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Intellectual property rights, licensing, and innovation

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  • Guifang Yang
  • Maskus, Keith E.

Abstract

There is considerable debate in economics literature on whether a decision by developing countries to strengthen their protection of intellectual property rights (IPRs) will increase or reduce their access to modern technologies invented by industrial countries. This access can be achieved through technology transfer of various kinds, including foreign direct investment and licensing. Licensing is the focus of this paper.To the extent that inventing firms choose to act more monopolistically and offer fewer technologies on the market, stronger IPRs could reduce international technology flows. However, to the extent that IPRs raise the returns to innovation and licensing, these flows would expand. In theory, the outcome depends on how IPRs affect several variables-the costs of, and returns to, international licensing; the wage advantage of workers in poor countries; the innovation process in industrial countries; and the amount of labor available for innovation and production. The authors develop a theoretical model in which firms in the North (industrial countries) innovate products of higher quality levels and decide whether to produce in the North or transfer production rights to the South (developing countries) through licensing. Different quality levels of each product are sold in equilibrium because of differences in consumers'willingness-to-pay for quality improvements. Contracting problems exist because the inventors in the North must indicate to licensees in the South whether their product is of higher or lower quality and also prevent the licensees from copying the technology. So, constraints in the model ensure that the equilibrium flow of licensing higher-quality goods meets these objectives. When the South strengthens its patent rights, copying by licensees is made costlier but the returns to licensing are increased. This change affects the dynamic decisions regarding innovation and technology transfer, which could rise or fall depending on market parameters, including the labor available for research and production. Results from the model show that the net effects depend on the balance between profits made by the Northern licensor and lower labor costs in the South. If the size of the labor force used in Northern innovation compared with that used in producing goods in both the North and South is sufficiently small (a condition that accords with reality), stronger IPRs in the South would lead to more licensing and innovation. This change would also increase the Southern wage relative to the Northern wage. So, in this model a decision by developing countries to increase their patent rights would expand global innovation and increase technology transfer. This result is consistent with recent empirical evidence. It should be noted that while the results suggest that international agreements to strengthen IPRs should expand global innovation and technology transfer through licensing, the model cannot be used for welfare analysis. Thus, while the developing countries enjoy more inward licensing, the cost per license could be higher, and prices could also rise, with an unclear overall effect on economic well-being.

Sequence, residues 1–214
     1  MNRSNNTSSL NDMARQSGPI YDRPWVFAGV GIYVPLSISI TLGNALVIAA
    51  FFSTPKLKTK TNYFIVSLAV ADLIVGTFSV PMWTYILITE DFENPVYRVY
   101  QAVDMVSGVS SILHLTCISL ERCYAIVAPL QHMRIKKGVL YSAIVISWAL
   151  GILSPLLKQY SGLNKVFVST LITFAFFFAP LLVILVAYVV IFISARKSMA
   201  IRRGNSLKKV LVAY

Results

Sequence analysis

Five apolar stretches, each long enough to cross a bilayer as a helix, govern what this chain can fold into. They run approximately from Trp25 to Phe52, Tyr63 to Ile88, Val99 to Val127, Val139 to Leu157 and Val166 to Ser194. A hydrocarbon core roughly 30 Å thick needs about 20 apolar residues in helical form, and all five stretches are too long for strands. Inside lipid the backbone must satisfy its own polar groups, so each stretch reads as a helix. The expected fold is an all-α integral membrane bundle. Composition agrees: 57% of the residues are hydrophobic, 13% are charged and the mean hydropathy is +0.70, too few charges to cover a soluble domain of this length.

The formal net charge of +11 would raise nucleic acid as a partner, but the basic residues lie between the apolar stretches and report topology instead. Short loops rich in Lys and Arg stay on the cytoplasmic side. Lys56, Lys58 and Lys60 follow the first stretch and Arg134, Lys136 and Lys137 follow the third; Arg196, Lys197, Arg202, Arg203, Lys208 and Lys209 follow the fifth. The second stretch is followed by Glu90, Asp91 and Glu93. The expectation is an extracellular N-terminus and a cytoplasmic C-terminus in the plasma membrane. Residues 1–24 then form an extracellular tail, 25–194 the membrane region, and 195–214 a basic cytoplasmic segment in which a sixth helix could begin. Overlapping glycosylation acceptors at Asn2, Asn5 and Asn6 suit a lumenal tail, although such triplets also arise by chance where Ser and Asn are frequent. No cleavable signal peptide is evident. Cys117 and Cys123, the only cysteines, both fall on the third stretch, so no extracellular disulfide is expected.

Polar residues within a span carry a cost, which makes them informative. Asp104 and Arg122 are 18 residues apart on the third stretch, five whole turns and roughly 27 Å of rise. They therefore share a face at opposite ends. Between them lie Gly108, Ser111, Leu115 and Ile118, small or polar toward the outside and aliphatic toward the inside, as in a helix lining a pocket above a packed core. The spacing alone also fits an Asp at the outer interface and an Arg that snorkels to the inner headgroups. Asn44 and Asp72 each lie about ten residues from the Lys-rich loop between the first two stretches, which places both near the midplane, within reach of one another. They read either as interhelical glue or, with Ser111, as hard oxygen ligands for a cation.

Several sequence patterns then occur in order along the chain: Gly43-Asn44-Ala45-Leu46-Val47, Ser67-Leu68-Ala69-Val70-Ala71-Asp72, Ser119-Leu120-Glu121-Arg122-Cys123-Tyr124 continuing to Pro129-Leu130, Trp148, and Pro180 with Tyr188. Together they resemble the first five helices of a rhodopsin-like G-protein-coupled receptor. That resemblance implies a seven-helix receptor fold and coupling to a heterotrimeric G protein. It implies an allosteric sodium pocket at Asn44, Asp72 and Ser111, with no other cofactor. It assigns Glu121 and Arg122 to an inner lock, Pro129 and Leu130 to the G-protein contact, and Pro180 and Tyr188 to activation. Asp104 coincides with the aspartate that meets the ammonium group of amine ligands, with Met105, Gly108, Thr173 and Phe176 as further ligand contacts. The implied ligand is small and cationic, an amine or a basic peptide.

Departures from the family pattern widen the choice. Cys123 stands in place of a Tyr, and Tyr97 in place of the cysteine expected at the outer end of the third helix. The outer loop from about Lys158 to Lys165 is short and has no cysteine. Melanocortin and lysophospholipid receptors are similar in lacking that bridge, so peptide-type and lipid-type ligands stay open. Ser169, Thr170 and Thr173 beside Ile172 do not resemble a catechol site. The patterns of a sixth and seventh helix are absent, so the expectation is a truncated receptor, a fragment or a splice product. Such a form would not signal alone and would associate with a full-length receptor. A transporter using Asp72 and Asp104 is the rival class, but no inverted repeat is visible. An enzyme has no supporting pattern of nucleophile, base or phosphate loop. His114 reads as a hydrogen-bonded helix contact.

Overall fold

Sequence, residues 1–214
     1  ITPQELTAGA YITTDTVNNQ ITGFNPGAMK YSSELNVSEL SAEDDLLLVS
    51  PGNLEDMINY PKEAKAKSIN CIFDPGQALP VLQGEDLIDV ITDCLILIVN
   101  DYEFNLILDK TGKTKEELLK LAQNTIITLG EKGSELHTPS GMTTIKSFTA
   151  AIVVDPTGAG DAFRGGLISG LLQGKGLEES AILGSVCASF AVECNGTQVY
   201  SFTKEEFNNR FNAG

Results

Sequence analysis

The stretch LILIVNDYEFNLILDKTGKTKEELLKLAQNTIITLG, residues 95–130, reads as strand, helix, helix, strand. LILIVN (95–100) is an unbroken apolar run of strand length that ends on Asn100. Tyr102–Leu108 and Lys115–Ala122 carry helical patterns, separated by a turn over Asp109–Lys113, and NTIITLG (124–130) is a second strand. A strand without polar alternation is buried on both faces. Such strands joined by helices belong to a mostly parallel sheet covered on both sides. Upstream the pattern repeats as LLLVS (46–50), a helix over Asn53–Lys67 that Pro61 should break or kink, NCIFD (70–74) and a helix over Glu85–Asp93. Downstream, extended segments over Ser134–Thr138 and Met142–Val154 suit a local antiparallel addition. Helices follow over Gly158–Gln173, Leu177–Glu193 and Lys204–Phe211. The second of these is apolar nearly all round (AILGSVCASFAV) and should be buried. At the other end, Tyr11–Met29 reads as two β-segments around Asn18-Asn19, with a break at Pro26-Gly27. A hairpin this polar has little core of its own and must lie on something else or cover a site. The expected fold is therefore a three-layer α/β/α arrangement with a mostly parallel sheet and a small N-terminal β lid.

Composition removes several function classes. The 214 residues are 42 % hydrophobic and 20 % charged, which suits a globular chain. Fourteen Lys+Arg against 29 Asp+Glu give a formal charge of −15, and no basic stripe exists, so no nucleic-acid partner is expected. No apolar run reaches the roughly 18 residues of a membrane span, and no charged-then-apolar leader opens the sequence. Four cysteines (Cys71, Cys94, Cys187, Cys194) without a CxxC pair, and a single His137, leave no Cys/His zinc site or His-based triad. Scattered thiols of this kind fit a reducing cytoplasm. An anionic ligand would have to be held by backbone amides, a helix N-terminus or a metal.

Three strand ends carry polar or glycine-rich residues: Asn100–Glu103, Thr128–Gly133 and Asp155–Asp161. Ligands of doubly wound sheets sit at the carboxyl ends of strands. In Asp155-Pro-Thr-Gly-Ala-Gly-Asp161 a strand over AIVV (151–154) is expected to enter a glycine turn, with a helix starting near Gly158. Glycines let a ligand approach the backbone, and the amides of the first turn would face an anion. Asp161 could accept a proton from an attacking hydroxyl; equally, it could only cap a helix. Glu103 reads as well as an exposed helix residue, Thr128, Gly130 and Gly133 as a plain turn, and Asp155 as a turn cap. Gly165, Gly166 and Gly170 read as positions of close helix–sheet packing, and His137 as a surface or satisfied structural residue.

Suggested Citation

  • Guifang Yang & Maskus, Keith E., 2003. "Intellectual property rights, licensing, and innovation," Policy Research Working Paper Series 2973, The World Bank.
  • Handle: RePEc:wbk:wbrwps:2973
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    References listed on IDEAS

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    Citations

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    Cited by:

    1. GianCarlo Moschini, 2003. "Intellectual Property Rights and the World Trade Organization: Retrospect and Prospects," Center for Agricultural and Rural Development (CARD) Publications 03-wp334, Center for Agricultural and Rural Development (CARD) at Iowa State University.